The Corner

Inside Santorum World

Earlier today, I spoke with John Brabender, Santorum’s senior strategist. He reflected on tonight’s primaries and looked ahead to the “Super Tuesday” contests. Here are parts of our conversation:

Calling Democrats was strategic. “Nobody registers by party in Michigan,” Brabender says. “So we had to figure who was going to show up and vote. That’s why it’s funny Romney is criticizing us for calling Democrats. We’re just calling people who consider themselves, most of the time, to be Democrats — because they vote in Democratic regions — but who also vote in Republican races.”

The establishment’s brokered convention dreams are a fantasy. Brabender has little patience for the grumbling within the GOP establishment about drafting a new candidate should Santorum continue to rise. “Conservatives and tea-party supporters recognize that the establishment is always going to try to find a candidate who they prefer,” he says. “Generally, their candidates are ones who are middle of the road, who have a minimal message, and very vanilla-like. It sounds like they’re quickly souring on Romney, that they do not think he’s up to the task. So they’re trying to find another establishment-like candidate. I think it simply scares a lot of people in the establishment that if we have a nominee like Rick Santorum, it’d be a nominee they could not control. He won’t just fall in line with their agenda. He’ll reform things.”

The Romney-Paul conspiracy concerns remain. “I think the world should be worried about a Romney-Paul alliance,” Brabender says. “There are more and more stories coming out every day about how curious this is, about all of the connections. They’re using the same ads in Michigan and Paul, who isn’t even competing in Michigan, is running negative ads against Santorum, which could only benefit Mitt Romney. There are enough people out there who are curious about what the relationship is, what has been promised to Ron Paul, and those types of things. Romney has a lot of explaining to do.”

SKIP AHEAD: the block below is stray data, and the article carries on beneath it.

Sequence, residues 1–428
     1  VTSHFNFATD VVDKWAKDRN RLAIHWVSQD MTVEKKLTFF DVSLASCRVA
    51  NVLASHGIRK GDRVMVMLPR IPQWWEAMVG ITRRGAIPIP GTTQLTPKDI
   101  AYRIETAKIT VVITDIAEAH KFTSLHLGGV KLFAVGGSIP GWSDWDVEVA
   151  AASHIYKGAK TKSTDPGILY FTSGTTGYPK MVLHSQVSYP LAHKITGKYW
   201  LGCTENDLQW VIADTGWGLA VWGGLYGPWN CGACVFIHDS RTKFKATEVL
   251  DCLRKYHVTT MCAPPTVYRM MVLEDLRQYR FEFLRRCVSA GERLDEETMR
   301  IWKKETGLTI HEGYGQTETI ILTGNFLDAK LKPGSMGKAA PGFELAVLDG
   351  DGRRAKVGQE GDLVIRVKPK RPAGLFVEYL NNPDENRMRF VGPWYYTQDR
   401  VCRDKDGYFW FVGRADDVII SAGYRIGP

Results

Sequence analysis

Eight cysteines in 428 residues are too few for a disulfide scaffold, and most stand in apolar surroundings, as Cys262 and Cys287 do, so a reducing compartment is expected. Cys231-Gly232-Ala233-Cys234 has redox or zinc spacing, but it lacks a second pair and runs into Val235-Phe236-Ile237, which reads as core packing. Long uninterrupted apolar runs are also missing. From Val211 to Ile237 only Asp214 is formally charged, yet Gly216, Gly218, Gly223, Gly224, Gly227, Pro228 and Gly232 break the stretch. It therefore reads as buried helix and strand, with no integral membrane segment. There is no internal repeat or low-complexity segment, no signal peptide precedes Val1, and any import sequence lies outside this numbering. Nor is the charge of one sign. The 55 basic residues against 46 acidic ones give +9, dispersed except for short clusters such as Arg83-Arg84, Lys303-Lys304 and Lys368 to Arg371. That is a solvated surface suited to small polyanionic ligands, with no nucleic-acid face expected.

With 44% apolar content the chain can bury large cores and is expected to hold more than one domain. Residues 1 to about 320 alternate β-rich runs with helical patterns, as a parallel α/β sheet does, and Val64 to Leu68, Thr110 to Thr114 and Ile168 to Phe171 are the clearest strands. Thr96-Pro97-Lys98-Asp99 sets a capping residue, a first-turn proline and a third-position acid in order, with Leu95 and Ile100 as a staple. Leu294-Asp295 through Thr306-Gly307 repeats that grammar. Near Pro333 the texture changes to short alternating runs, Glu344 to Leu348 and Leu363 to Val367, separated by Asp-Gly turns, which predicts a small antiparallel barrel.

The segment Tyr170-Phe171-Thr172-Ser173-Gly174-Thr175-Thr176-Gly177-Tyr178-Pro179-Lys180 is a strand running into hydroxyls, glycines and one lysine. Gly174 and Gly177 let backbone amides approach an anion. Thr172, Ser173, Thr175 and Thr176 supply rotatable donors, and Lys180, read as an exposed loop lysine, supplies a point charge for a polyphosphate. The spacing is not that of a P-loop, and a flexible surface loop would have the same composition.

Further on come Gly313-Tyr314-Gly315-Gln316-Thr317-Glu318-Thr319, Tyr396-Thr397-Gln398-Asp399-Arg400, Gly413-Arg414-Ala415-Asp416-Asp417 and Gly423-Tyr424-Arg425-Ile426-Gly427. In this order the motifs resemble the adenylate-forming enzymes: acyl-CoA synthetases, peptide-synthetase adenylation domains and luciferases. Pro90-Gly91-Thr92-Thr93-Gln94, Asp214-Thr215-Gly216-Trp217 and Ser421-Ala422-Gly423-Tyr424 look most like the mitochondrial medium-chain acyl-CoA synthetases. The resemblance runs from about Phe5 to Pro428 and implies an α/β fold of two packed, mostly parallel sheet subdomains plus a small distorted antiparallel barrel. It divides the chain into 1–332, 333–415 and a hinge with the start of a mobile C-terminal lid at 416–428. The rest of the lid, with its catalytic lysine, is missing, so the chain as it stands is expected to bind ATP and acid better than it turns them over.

Expect more of the snob theme. As I report on the home page, Santorum isn’t walking back his “snob” comment about the president. In fact, Brabender says, “Super Tuesday” voters can expect to hear a continuation of that theme. But he acknowledges that his candidate does not always pick a perfect phrase, and that Santorum will probably not overuse that line. “When everything you say is not poll tested, not from a TelePrompTer, there will be times when you probably don’t pick the best words,” he says. Still, “the message should not be lost in the process,” he says. “What we’re willing to do is have a candidate who comes across as genuine, who is willing to speak his mind. There’s an authenticity to that.”

Santorum will remain accessible. Santorum is picking up momentum and Secret Service protection, but will his freewheeling engagement with voters and reporters continue? “It will,” Brabender claims, and he notes that this aspect of the campaign contrasts with Romney, who holds few press availabilities. “We’re not going only take the questions that we think are the plump ones,” he chuckles. “We’ll take the hard ones, too. When you answer the hard questions, it’s difficult. But you can gain people’s respect. For a long time, that’s been Santorum’s appeal — his honesty, his passion, and his ability to talk directly and not mince words. It’d be a major mistake for us to try and change that.”

There’s little worry about the ‘insider’ narrative. Brabender does not expect Romney’s focus on Santorum’s Senate record to damage the campaign. He views it as one of many attack angles on Santorum that have come and gone. “A month ago, our supposed bump was that he lost his last election. Before that, the bump was that he was too conservative,” he says. “Every week it’s something else, something that they say he can’t overcome. The problem is that this is the pundits talking to each other; it’s the insiders and the establishment. Middle America isn’t talking about this stuff.”

Robert Costa — Robert Costa is National Review's Washington editor and a CNBC political analyst. He manages NR's Capitol Hill bureau and covers the White House, Congress, and national campaigns. ...

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